Although the Blackfoot suffered bitter and difficult years after they settled on their reserve, Running Rabbit was a chief who was respected both by his people and by the government. At his death in 1911, he was compared to such great leaders as Crowfoot and Old Sun.

Hugh A. Dempsey

A portrait of Running Rabbit, painted in 1907 by Edmund Montague Morris, is in the Ethnology Dept. of the Royal Ontario Museum, Toronto (Edmund Morris coll., HK 2408), and the PAM holds a photograph of the chief. Both portraits are reproduced in The diaries of Edmund Montague Morris; western journeys, 1907–1910, transcribed by Mary FitzGibbon (Toronto, 1985), 19.

Canadian Museum of Civilization Library (Hull, Que.), Doc. coll. sect., Julian and Jane Hanks papers, box 301, file 10, esp. p.31 (Julian Hanks, interview with Spumiapi [a descendant of Running Rabbit] via Mary White Elk, 3 Sept. [1939]). Arni Brownstone, War paint: Blackfoot and Sarcee painted buffalo robes in the Royal Ontario Museum (Toronto, 1993). Can., Dept. of Indian Affairs, Annual report (Ottawa), 1887: 100; 1898: 126. J. [S.] McGill, “The Indian portraits of Edmund Morris,” Beaver, outfit 310 (1979–80), no.1: 34–41.

The following information was located here. Aatsista-Mahkan or Running Rabbit (c. 1833 – probably 24 January 1911) was a chief of the Blackfoot First Nation.

The Blackfoot Confederacy is the collective name of three First Nations in Alberta and one Native American tribe in Montana. They were called “blackfoot” because they chose not to wear shoes.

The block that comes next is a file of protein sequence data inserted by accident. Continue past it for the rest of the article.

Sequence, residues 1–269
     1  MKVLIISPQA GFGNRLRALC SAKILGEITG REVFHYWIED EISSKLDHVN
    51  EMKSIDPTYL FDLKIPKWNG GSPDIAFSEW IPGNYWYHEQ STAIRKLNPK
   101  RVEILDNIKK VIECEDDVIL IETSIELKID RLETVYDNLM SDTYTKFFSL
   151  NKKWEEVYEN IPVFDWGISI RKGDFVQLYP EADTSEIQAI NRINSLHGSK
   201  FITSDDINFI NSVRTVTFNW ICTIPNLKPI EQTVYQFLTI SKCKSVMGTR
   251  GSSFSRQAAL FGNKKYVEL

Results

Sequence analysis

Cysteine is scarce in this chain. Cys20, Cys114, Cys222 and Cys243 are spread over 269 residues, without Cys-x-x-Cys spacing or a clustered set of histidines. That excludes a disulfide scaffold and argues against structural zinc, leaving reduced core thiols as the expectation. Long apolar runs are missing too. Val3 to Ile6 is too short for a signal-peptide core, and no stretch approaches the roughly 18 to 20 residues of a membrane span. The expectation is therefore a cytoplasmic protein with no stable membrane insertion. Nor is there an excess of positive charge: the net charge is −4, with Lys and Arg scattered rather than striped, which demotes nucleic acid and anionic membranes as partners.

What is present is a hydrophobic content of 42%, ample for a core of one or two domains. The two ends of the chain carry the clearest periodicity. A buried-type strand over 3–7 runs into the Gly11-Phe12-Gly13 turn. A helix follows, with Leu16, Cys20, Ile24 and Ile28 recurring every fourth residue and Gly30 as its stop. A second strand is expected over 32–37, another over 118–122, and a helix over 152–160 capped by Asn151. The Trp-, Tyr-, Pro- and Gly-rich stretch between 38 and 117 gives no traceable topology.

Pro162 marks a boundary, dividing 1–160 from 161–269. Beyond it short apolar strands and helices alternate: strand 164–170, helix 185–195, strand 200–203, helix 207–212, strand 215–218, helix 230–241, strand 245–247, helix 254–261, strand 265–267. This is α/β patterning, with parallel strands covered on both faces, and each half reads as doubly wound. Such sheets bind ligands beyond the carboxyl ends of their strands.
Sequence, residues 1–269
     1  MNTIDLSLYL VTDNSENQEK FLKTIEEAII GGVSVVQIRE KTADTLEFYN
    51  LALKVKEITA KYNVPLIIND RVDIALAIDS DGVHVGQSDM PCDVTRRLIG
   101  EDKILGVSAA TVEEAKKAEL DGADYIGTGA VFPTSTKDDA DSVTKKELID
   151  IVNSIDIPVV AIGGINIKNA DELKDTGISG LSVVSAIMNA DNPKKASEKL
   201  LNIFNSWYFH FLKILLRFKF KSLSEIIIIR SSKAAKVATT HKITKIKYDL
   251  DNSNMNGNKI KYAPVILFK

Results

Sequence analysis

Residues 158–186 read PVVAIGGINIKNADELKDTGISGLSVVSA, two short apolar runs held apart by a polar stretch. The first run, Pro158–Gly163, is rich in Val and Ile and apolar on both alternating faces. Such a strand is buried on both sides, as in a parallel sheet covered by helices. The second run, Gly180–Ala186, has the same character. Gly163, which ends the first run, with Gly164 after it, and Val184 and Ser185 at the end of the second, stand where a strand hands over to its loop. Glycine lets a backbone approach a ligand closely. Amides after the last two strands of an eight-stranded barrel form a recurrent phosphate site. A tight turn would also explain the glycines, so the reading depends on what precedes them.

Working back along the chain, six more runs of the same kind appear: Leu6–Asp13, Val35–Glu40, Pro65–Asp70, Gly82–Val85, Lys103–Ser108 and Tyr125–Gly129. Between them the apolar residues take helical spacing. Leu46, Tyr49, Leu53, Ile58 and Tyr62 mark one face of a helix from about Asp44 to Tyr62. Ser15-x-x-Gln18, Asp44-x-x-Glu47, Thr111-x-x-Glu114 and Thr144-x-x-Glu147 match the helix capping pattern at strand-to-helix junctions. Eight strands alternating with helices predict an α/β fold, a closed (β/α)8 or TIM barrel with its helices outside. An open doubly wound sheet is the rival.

The Blackfoot Confederacy consists of the North Peigan (Aapatohsipiikanii), the South Peigan (Aamsskaapipiikanii), the Kainai Nation (Blood), and the Siksika Nation (“Blackfoot”) or more correctly Siksikawa (“Blackfoot people”). The South Peigan are located in Montana, and the other three are located in Alberta. Together they call themselves the Niitsitapii (the “Real People”). These groups shared a common language and culture, had treaties of mutual defense, and freely intermarried.

It is also speculated that “Blackfoot Cherokee” refers to a band of Cherokees that had black ancestry, most likely from the adoption of escaped slaves into their society. This band of Cherokees of course have no connection to the Blackfoot nations.

Click on image for more information.

Meeting Dylan Tootoosis

When the auction was over, Dylan stepped over to me and said, “Was the painting sold? I put my hand up.”  I smiled at him…

…and then we began to talk.

Asked if I would paint his grandfather, Gordon Tootoosis and further back, Poundmaker, Dylan began to draw out his family tree in my journal.  It’s such an amazing thing when I am so intensely involved with discovering my own family tree,  to encounter Dylan’s family tree.